Bill Hupp is an RTC correspondent. You can follow him on Twitter (@Bill_Hupp). He filed this report following Northwestern’s last-second loss to Ohio State on Wednesday night.
It was hard to tell if the cheers erupting from Northwestern students after consecutive rebounds by the Wildcats on Wednesday night were sarcastic or an ironic roar acknowledging the event’s rarity. As has been the case in most games this season, Northwestern was dominated on the backboards in their 75-73 last-second loss to Ohio State. At the half, the Buckeyes were outrebounding the ‘Cats 22-5, as interior beasts DeShaun Thomas and Jared Sullinger had 25 of the Buckeyes’ 39 points (and OSU had poured in 20 points in the paint). “They killed us on a second-chance shots in the first half,” Northwestern coach Bill Carmody admitted. “They destroyed us on the backboards.” With Northwestern employing their trademark 1-3-1 zone, OSU used their superior size and athleticism to outrebound the Wildcats 44-18, grab 20 offensive boards (11 by Sullinger) and score 20 second chance points.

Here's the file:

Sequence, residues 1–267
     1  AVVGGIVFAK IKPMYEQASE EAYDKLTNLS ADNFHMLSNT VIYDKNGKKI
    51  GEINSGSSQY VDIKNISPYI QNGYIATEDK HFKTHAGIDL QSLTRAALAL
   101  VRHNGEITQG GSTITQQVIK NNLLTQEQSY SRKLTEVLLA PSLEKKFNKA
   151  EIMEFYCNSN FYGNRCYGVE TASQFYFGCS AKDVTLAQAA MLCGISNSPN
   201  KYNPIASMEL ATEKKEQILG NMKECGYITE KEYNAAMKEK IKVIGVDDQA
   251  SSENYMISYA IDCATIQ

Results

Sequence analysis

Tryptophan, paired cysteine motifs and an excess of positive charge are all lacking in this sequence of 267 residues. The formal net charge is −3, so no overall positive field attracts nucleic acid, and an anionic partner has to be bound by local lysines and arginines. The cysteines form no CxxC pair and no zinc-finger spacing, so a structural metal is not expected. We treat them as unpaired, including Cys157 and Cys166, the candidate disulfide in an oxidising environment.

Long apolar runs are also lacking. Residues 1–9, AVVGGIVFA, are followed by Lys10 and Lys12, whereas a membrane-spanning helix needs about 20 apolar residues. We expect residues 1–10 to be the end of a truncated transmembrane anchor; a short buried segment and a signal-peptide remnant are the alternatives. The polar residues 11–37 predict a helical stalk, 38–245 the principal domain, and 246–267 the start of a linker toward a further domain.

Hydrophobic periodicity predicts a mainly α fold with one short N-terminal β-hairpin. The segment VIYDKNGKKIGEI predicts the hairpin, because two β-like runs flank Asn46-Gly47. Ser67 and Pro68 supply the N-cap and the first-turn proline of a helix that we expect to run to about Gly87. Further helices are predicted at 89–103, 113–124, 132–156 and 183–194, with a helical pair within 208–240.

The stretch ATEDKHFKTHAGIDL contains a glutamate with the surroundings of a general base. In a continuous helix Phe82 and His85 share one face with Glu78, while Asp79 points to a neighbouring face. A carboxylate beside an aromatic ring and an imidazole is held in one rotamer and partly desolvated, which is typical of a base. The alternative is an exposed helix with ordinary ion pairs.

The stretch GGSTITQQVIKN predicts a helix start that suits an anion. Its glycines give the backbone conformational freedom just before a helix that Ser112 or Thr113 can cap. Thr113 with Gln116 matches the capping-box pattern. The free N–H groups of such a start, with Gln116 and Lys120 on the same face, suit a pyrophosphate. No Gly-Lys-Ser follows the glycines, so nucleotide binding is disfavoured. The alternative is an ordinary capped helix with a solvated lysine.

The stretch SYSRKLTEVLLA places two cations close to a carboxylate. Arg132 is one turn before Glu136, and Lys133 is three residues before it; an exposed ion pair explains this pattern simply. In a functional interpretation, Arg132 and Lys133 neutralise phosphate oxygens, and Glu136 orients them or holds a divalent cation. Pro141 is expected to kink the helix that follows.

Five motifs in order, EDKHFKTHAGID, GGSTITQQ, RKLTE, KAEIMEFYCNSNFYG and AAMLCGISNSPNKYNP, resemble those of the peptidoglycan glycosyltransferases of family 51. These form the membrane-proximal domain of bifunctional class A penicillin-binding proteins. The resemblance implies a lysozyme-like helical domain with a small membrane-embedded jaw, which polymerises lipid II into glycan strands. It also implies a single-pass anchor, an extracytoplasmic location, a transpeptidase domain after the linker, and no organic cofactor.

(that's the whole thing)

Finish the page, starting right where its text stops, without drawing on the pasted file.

Still, Ohio State Coach Thad Matta dismissed the gaudy rebounding differential as largely irrelevant. “That’s misleading because a lot of teams do that and don’t beat them,” Matta said. “[But] we felt we could do a heck of a job rebounding if they played their 1-3-1 zone.” If the NCAA Tournament bubble upon which Northwestern firmly sits does burst, the Wildcats will look back and point to poor post play this season as a major reason. It’s not a question of work ethic as Davide Curletti, Luka Mirkovic, John Shurna, and Drew Crawford all battle and scrap down low. But the foursome are finer, more finesse players, athletes not equipped to sustain success against the rigors of conference post play.